Reply by lwllms

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Posted on Bevel Up vs. Bevel Down - Why buy a bevel down plane anymore?

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555 posts in 3366 days

#1 posted 10-11-2010 03:09 AM

I have a conflict of interest here. We do make and sell traditional jack planes. I suppose all irons could be disposable if you don’t care about cost.

One thing is that a jack plane is traditionally used as a roughing plane. Using a bevel-up jack is difficult, at best, for use as a roughing plane because it requires a significantly greater amount of curvature to the edge to get an identical cambered profile presented to the wood. Also the spring back of the wood fibers will serve to limit the depth of cut.

One of the real issues for me is that all this nonsense is further obscuring the rolls of hand planes. If every plane, to you, is a smooth plane perhaps you should give a bevel-up plane a shot and just deal with accelerated edge wear and greatly increased sharpening issues. But then, if all planes are smooth planes in your world, you’re missing out on about 99% of the capability of hand planes.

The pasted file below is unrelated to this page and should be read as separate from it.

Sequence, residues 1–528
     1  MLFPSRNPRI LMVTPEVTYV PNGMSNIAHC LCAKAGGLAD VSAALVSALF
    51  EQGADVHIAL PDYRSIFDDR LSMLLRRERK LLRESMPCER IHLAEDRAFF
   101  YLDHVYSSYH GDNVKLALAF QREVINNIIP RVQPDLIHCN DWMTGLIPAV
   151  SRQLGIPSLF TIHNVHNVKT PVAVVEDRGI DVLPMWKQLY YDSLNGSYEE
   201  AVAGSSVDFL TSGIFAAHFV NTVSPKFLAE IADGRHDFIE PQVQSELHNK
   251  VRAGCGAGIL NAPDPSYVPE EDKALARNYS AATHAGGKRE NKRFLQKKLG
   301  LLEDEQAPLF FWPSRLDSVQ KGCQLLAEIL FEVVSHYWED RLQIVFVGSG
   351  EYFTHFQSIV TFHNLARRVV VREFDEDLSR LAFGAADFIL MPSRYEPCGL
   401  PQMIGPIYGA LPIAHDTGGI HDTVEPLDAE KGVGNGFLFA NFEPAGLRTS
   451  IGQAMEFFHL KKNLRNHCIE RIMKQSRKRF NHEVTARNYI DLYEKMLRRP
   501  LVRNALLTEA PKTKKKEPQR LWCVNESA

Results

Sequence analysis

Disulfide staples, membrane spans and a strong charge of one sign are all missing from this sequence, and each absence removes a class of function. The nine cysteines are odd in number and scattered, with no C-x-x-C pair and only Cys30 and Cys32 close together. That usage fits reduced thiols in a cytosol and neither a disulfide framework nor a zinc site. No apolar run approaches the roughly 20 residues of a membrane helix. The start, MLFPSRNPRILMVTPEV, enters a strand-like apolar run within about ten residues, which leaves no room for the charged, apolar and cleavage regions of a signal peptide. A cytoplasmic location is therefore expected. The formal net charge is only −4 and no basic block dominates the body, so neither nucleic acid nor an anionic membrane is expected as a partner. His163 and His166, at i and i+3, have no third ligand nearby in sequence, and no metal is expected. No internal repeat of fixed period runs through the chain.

BTW, the instructions above for putting a back bevel on the iron, as shown earlier in this thread, only serves to make the clearance angle problems worse. When I’m talking to customers or out conducting workshops almost all the sharpening problems I see originate on the flat face of the irons. Dubbing, rounding of the edge on the flat face, is something to be avoided regardless of whether that dubbing is accidental or intentional. Back bevels like the one illustrated are a perfect example of intentional dubbing.

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